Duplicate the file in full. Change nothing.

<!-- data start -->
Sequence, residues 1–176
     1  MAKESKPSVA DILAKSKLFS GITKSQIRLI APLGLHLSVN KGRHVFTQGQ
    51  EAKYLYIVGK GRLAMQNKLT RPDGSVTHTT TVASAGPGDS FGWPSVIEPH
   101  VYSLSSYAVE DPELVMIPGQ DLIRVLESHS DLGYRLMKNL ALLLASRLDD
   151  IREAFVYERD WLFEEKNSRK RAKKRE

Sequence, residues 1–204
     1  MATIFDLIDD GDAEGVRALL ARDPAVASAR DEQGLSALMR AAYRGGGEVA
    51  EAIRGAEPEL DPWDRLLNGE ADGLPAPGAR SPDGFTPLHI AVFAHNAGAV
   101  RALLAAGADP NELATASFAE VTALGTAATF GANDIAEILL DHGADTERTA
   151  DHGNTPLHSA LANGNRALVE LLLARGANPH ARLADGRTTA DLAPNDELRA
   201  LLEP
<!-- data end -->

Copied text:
Sequence, residues 1–176
     1  MAKESKPSVA DILAKSKLFS GITKSQIRLI APLGLHLSVN KGRHVFTQGQ
    51  EAKYLYIVGK GRLAMQNKLT RPDGSVTHTT TVASAGPGDS FGWPSVIEPH
   101  VYSLSSYAVE DPELVMIPGQ DLIRVLESHS DLGYRLMKNL ALLLASRLDD
   151  IREAFVYERD WLFEEKNSRK RAKKRE

Sequence, residues 1–204
     1  MATIFDLIDD GDAEGVRALL ARDPAVASAR DEQGLSALMR AAYRGGGEVA
    51  EAIRGAEPEL DPWDRLLNGE ADGLPAPGAR SPDGFTPLHI AVFAHNAGAV
   101  RALLAAGADP NELATASFAE VTALGTAATF GANDIAEILL DHGADTERTA
   151  DHGNTPLHSA LANGNRALVE LLLARGANPH ARLADGRTTA DLAPNDELRA
   201  LLEP